What to Do in Case of a Tsunami Here

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The tragic effects along the coast of Japan from the recent tsunami caused by a massive earthquake are beyond words and belief.  I had been receiving seismic warnings all week long from the Tsunami Warning Center, reporting earthquakes off of Japan.  However, I, as well as the experts, did not imagine that these seismic events in the 6-6.2 magnitude range were the precursors of a huge earthquake that has been reported in magnitude as high as an 9.0.

Fortunately, the destructive waves did not cause the damage in Newport Harbor that it did in other harbors to our north, simply because the direction of the tsunami waves were angled above Point Conception.  However, we did have some wave surges in our harbor, and keep in mind that the damage from a tsunami is caused by large surges as massive amounts of water flood into an area.

Did you know that the word tsunami is formed from two Japanese words “tsu” and “nami” with “tsu” for “harbor” and “nami” for “wave.”  Many people will refer to a “harbor-wave” as a tidal wave, but keep in mind that tides are created by the sun and moon and tsunamis are created by the vertical displacement of water.

When a tsunami advisory or warning is issued, the coastal areas’ police, fire, harbor patrol, and lifeguard departments will start to initiate the proper procedures of evacuation depending on expected severity of the effects in the area.  The West Coast and Alaska Tsunami Warning Network of the National Weather Service (http://wcatwc.arh.noaa.gov/) uses satellite imagery and special ocean buoys designed to sense wave patterns out of the ordinary.

If a tsunami is very probable or is detected, then the tsunami warnings or advisories are issued, and the warnings include the estimated time of arrival and the estimated swell height.  You can calculate the ETA by dividing the distance away by the speed of the swell.  For instance, Crescent City is approximately 638 nautical miles by water from Newport Beach, CA, and the average speed of a tsunami is 450 miles per hour, so, 638 nautical miles is 734 statue miles divided by 450 mph, which gives an estimated ETA of just over an hour and half if the event is coming from Crescent City.

Now, that is very useful information for you to determine if you have enough time to get up and watch from the bluffs or only enough time to get to the rooftop of the tallest building in the area.  I do not want to get caught by the wave in my car trying to drive up a hill when I should have been climbing up stairs at the nearest multistory building.

If you are on the water in a boat when a tsunami warning is issued, then you want to immediately change course away from land and toward deep water.  The swells created by an earthquake or landslide will form into a breaking wave when the bottom of the wave hits the sea floor as it approaches land.  At sea, boats are not normally affected by a tsunami swell passing underneath.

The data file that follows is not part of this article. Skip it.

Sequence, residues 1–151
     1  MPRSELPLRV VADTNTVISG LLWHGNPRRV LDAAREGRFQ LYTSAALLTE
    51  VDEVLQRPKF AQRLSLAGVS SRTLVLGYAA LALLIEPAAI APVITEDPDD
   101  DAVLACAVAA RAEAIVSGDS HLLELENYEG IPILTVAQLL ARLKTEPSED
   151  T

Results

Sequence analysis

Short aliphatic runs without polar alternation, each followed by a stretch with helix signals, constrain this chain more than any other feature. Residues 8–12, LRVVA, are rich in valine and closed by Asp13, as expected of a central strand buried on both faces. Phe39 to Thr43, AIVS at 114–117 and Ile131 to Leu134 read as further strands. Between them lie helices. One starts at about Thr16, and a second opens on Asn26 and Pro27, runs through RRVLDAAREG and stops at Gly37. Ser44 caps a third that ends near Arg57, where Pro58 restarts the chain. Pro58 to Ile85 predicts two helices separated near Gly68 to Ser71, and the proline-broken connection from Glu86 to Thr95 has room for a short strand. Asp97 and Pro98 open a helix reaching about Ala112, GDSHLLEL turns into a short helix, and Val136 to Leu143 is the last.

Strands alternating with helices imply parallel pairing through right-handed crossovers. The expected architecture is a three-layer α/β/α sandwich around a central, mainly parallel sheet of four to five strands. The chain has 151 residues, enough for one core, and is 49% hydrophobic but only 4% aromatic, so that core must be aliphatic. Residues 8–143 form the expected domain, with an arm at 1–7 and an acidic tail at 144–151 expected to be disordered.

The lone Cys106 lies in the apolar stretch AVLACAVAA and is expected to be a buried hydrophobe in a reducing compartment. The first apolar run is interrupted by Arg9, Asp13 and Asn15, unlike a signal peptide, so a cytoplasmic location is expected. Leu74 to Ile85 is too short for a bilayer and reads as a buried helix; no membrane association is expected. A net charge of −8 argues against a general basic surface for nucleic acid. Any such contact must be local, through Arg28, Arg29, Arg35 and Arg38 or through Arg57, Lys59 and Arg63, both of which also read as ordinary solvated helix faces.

Frequently on my radio show, I interview Cary Smith, who is with the Pillar Point Harbor Dept in Half Moon Bay. He is also the president of the California Boating Safety Officers Association.  During an interview Smith told me, “first here at Pillar Point Harbor we have looked at the tsunami plan we have had.  While our county and all the multiple agencies involved have been working on an updated plan, the plan in place is from 1994. Many things have changed, including phone numbers, area codes – and the Internet.”

Smith continued, “Unfortunately, we live in a world where if it is not broken why fix it.  Boating safety officers throughout the state believe being proactive save lives.”

Lastly, Cary stated this is the time for everyone to think; “What would I do if a warning was issued in a specific time frame?”

Tip of the week is the DART® (Deep Ocean Reporting and Assessment of Tsunami) stations (buoys) deployed primarily in the Pacific Ring of Fire and a few other locations.  NOAA has placed buoys in specific areas to record height, speed, and location of waves and issue alerts if there is anything ususual.

You can view the buoys and their data in real time at http://www.ndbc.noaa.gov/dart.shtml, and you can register for email alerts from the West Coast and Alaska Tsunami Warning Center at http://wcatwc.arh.noaa.gov/index.php.

And don’t forget: Tune in to the No. 1 boating radio talk show in the nation, Capt. Mike Whitehead’s Boathouse Radio Show, broadcasting coast-to-coast on the CRN Digital Talk Radio syndicated network every Saturday at noon, Pacific Time and replayed on Sunday at 10 am Pacific.  Join Chandler Bell and me as we talk about “all things boating.”  You can find the station listings, cable TV channels, live streaming on the Internet, and now available are apps to listen to the show for your iPhone, Blackberry, iTouch, Android, Palm, and Windows Mobile at www.BoathouseTV.com or www.BoathouseRadio.com.

Until next week, Safe Voyages!

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